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A dwarf planet has been discovered far beyond Pluto's orbit

The diameter of 2015 RR245 is about 700 kilometers and its orbit is so elliptical that it approaches the Sun to within 34 astronomical units and recedes to a distance of 120 astronomical units. It happens to be very close to the nearest point in its orbit, which it will reach at the end of the century

Illustration of the orbit of the dwarf planet RR245 (orange line), image: Alex Parker, OSSOS team

Astronomers have discovered a dwarf planet in the Kuiper belt, a ring of icy objects beyond Neptune. But this new world, known as 245 RR2015, is much further from the sun than Pluto, and it orbits the sun once every 700 Earth years, scientists said. For comparison, Pluto completes one revolution around the Sun every 248 Earth years.

"The icy worlds beyond Neptune formed like the planets near the Solar System and then drifted away." says discovery team member Michelle Bannister, from the University of Victoria in British Columbia. They allow us to piece together the history of the solar system. "But almost all of these icy worlds are small and faintly luminous, so it's really exciting to find a dwarf planet that's big and bright enough for us to study in detail," Bannister added.

The exact size of 2015 RR245 is still unknown, but researchers estimate it to be 700 km wide. Pluto is the largest inhabitant of the Kuiper belt, with a diameter of 2,371 km. The object was discovered by the Canada-France-Hawaii Telescope in Hawaii that imaged it in September 2015 as part of the ongoing OSSOS survey of the origins of the outer solar system.

"We saw on the screen a point of light that moved so slowly, and therefore it was clear that the orbit of the object was twice the distance of Neptune from the Sun.

OSSOS has discovered more than 500 objects beyond Neptune's orbit, but 245 RR2015 is the first dwarf planet the survey has found, scientists say.

Dwarf planets are massive enough to hold themselves together by their own gravity but they have not "neighbored" other objects. This is what distinguishes them from "normal" planets such as Earth and Saturn.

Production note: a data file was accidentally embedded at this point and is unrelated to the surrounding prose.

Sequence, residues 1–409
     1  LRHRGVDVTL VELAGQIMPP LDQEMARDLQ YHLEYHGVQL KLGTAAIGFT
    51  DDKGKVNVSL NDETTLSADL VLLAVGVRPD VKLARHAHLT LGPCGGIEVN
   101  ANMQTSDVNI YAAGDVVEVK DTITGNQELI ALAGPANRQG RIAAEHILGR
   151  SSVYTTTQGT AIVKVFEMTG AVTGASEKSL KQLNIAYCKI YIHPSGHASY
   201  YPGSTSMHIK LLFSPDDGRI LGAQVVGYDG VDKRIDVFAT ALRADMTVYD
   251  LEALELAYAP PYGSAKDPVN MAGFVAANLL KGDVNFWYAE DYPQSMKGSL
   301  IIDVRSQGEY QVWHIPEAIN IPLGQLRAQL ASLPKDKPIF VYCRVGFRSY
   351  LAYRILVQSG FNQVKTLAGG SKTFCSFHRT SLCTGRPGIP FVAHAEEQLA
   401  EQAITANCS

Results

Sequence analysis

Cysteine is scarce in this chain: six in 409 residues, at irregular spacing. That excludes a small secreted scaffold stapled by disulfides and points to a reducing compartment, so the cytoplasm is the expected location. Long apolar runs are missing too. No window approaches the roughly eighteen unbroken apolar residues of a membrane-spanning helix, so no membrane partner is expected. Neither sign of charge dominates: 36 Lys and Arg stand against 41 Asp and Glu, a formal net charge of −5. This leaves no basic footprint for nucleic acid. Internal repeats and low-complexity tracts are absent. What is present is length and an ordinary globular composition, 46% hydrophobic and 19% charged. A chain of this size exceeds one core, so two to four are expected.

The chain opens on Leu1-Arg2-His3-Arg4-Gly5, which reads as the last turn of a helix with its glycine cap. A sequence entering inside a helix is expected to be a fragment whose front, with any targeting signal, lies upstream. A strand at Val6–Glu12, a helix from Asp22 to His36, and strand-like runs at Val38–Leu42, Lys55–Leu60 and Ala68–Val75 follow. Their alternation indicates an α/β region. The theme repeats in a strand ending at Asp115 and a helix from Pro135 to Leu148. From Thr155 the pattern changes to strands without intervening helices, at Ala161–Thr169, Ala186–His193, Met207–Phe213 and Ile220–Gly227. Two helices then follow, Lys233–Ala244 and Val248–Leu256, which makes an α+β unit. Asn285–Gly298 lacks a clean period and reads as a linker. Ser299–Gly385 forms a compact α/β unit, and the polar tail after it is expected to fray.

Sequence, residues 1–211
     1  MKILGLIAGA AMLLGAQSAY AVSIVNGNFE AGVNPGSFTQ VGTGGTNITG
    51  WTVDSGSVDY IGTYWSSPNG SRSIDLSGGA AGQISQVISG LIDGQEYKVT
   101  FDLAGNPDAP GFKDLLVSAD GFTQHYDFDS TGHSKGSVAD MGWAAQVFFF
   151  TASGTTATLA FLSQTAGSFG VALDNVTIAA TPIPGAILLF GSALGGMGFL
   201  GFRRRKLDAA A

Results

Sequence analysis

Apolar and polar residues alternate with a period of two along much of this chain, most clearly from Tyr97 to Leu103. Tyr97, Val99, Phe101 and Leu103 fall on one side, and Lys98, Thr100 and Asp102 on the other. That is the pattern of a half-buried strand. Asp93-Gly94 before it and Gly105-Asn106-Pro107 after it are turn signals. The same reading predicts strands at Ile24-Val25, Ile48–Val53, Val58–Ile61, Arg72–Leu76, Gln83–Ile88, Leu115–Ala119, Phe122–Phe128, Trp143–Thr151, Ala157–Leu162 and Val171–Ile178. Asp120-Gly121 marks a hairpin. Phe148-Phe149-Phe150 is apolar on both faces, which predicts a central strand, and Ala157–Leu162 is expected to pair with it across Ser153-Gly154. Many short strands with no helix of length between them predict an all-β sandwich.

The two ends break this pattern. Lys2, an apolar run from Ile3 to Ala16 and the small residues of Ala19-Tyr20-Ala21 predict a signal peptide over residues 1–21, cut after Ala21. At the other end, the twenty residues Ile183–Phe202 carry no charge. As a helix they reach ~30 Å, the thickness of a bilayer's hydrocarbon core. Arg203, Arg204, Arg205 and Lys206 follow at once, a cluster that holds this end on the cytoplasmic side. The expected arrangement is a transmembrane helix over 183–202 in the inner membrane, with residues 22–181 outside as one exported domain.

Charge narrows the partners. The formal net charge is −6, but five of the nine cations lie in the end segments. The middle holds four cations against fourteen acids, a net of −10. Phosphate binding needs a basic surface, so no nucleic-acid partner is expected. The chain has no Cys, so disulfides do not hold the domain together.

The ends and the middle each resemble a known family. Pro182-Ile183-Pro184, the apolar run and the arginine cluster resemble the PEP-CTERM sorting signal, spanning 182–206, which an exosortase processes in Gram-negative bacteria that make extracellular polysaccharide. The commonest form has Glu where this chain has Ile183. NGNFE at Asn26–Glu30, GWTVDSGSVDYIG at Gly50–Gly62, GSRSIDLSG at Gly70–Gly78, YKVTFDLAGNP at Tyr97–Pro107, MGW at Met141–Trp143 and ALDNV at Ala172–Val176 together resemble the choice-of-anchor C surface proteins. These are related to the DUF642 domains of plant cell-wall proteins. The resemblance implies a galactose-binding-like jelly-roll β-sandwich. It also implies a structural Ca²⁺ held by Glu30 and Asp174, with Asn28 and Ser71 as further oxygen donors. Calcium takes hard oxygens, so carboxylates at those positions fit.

This definition, which was established by the International Astronomical Union in 2006, led to the reclassification of Pluto as a dwarf planet, a decision that caused great controversy among astronomers.

Astronomers are still working out the details of 245 RR2015's extreme elliptical orbit, and it appears to approach the Sun as close as 34 AU and as far away as 120 AU. An astronomical unit is the distance between the earth and the sun - 150 million km. It should reach its closest point to the sun in 2096, the researchers said.

2015 RR245 – has not yet received an official name. Other dwarf planets confirmed in the Kuiper Belt region include Pluto, Eris, the Omiya and Maka-Maka. Other objects in this distant realm, including Sadna, Quasar, and 2007 OR10, likely meet the criteria for dwarf planet definition, and confirmation is expected in the coming years.

4 תגובות

  1. How would you call it an accent of position? Of course, it doesn't matter if they call him Yossi or M.
    The interesting question is how many like him there are or if he is unique. Its being at the greatest distance yet, focuses attention on observing whether there is another star belt. When Kuiper came up with the idea of ​​the belt I think in the sixties, he thought it was no longer there because the fixed planets had waved the belt away. deflected outwards. About 30 years passed and the theoretical belt was discovered and it is there. This is what caused the declaration that Pluto is not a planet.
    The discovery of the Kuiper belt revealed that there is a shell of stars with strong imagination that surrounds the solar system like an electron cloud in an atom. After discovering many stars there, the shell becomes something real. First it pushed the boundaries of the solar system beyond what was thought to be significant gravity. If there is another shell, it is fascinating and requires study. Why two separate shells and why there. That's how science works. You discover something new and look for a fit with the theories and discover another thing, then ask if there is one further away and so on.

  2. What does it matter how they define it?
    It is not interesting at all the classification of a large or small rock. Their characteristics are interesting.
    For my part, let them call it Planet Anancy. Does it change anything?

  3. If Pluto is not called a planet despite its size, because of its belonging to the solar system, what will the new planet be called in the end. If he is a planet why not the big Pluto. The scientists are interested in knowing if there is another belt besides the Kuiper, so perhaps I guess they will now look for a disk structure or a spherical shell of objects at an equal distance from the Sun. It's all one solar system and so complex.

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